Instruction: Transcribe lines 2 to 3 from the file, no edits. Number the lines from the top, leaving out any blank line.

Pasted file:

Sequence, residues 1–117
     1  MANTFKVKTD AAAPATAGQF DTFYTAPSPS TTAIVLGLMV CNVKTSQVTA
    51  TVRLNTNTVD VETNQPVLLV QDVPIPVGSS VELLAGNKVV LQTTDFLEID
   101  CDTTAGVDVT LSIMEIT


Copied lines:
     1  MANTFKVKTD AAAPATAGQF DTFYTAPSPS TTAIVLGLMV CNVKTSQVTA
    51  TVRLNTNTVD VETNQPVLLV QDVPIPVGSS VELLAGNKVV LQTTDFLEID